The late Bob Brownell and I have something in common.

I think I got this from Brownell’s Twitter account and it depicts Bob Brownell checking the company’s newsletter IIRC. I had an immediate moment of nostalgia because of the machine displayed: A Multilith 1250 Offset Printer. I had mentioned before that my dad had a print shop and that is the machine we had alongside a newer version of the same model. I started working them things when I was about 12 years old and kept working for 10 years till I went to college in the US. In fact, half the money I had for college was wages made working with that machine.

Dad sort of retired, but kept his printing shop as something to do or else mom would kill him for being a pest. He had only two clients and would work Monday through Wednesday only; Thursdays he and mom would drive to the beach and spend the long weekend in an apartment we had.

When he passed, one of the most difficult things I had to do getting everything set for mom was to sell the printing stuff. It was not easy and it showed me how nasty a moral-less could some people be. The machines did end in the hands of good people who paid well and appreciated the care we had given to the machines for decades.

Sorry to have gotten all mushy, but it guess sharing some personal stuff now and then is a requisite for a Blogger.

3 Replies to “The late Bob Brownell and I have something in common.”

  1. Ah, old iron. I never had anything quite that old in my shop press-wise (an ABDick 9810 with a swingaway T-head was our beast) I do have a scoring macing that is from the 60’s. Heavy as hell but still works.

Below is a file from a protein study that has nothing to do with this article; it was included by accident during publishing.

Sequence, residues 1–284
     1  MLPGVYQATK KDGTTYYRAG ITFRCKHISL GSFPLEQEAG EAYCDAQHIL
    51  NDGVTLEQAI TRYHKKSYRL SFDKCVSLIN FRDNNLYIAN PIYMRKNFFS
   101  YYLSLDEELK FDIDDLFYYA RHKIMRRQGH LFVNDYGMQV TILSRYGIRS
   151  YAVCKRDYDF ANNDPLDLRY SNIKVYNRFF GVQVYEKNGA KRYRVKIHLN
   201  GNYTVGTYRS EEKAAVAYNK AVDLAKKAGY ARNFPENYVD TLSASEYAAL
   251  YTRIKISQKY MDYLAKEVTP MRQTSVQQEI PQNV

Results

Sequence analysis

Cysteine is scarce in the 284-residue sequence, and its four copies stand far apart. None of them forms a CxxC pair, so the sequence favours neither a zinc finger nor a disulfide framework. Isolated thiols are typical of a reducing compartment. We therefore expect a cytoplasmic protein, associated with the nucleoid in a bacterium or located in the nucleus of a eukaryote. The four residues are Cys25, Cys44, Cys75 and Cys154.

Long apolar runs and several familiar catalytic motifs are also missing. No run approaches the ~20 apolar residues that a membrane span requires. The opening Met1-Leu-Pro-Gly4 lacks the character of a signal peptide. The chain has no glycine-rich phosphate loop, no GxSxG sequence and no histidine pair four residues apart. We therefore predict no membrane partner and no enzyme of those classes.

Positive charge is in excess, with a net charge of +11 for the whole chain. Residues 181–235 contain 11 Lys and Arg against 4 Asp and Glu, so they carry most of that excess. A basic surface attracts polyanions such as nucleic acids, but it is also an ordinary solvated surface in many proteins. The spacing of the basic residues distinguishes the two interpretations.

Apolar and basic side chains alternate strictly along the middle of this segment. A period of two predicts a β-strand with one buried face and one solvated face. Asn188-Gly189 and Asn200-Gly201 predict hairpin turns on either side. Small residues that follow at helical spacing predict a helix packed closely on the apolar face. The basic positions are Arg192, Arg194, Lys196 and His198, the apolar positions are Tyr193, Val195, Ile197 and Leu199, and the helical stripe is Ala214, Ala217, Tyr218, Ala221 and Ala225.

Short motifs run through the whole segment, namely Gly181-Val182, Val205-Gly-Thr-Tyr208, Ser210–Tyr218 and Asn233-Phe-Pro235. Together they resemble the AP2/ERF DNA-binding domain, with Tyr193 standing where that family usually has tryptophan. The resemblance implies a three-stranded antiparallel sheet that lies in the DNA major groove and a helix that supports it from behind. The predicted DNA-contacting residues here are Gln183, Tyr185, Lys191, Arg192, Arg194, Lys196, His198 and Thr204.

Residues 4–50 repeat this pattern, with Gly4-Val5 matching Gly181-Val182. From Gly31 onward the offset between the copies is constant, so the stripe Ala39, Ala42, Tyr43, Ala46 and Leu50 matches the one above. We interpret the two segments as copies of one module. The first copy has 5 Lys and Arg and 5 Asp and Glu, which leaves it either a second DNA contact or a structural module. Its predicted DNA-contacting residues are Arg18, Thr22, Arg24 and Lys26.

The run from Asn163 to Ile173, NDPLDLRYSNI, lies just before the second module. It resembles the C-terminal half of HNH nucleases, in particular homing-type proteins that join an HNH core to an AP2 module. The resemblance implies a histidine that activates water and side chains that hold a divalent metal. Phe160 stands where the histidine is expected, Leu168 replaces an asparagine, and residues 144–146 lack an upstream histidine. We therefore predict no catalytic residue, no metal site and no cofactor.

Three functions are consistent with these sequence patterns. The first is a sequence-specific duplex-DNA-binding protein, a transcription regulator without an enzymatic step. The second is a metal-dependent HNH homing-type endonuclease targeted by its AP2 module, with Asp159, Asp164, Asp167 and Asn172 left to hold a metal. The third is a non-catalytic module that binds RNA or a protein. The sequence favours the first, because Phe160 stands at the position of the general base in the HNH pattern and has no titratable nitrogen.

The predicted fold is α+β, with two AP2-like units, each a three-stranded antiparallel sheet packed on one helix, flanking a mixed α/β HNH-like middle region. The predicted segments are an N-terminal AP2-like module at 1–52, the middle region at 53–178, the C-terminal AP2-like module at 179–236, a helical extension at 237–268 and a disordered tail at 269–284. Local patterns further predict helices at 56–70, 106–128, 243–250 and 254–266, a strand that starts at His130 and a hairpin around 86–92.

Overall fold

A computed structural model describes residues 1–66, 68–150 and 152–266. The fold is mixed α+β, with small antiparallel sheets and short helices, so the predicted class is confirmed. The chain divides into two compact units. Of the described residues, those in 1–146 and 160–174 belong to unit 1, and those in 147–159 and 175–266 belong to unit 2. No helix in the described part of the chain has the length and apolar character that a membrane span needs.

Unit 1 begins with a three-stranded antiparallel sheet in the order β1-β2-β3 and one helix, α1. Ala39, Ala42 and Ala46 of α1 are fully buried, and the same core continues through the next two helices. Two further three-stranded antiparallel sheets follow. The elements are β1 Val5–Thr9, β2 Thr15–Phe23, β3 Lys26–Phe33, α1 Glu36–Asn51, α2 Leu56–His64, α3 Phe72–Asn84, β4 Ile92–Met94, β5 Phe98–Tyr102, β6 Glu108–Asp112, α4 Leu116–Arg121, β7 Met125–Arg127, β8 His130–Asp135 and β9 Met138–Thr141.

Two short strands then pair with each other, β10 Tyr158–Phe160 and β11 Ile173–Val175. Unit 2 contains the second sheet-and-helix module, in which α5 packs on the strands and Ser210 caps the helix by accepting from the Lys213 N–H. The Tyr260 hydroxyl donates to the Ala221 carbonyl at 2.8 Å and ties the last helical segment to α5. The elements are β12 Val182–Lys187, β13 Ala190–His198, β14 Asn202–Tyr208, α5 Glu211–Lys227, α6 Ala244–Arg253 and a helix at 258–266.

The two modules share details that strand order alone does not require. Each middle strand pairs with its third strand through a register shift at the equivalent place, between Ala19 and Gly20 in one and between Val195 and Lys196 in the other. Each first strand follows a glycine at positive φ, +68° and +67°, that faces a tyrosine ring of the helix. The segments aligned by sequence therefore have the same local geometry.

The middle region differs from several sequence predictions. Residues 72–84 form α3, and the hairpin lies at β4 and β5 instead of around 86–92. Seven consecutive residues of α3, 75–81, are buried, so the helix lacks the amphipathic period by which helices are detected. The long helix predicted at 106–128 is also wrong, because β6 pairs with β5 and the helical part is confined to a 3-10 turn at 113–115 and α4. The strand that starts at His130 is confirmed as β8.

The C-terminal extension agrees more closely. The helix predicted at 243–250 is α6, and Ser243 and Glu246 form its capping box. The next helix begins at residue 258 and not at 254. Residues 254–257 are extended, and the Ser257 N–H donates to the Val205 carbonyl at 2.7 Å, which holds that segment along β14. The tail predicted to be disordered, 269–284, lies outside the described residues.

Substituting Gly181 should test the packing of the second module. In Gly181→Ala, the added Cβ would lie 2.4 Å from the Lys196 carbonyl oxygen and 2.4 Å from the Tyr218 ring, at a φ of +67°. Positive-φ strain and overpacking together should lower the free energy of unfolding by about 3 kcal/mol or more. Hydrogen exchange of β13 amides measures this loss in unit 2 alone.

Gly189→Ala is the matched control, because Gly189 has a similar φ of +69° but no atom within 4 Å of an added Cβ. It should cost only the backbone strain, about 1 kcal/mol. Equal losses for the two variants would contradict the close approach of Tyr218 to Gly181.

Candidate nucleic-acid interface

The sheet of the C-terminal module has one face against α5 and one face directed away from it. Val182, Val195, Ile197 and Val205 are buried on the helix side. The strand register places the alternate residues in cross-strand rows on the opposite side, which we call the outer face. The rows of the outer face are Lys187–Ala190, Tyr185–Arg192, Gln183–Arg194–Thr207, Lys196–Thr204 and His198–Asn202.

When we switched to all digital we sold all our iron to a guy who shipped them to central america. Somewhere down there is my 9810 and a Ryobi 3302 2-head that were still in perfect condition.

  2. My father was a machinist, and died from heart disease.
    Every time I use his tools to build something or to measure something I feel a powerful connection to him.

  3. I used to take my naps (1954) on the cut sheets for our letter press; the rhythms of the machines are like the rustling of trees in the woods – comforting, and predictable. My family made the transition to virtual printing, a step at a time, to offset and to networks, printing off-site and it is sad. All the tech is gone and recreating the network of hand presses would be slow and expensive.

    I do have a roller press for lithography and etching, so there is that slower method of sharing. Prettier I suppose.

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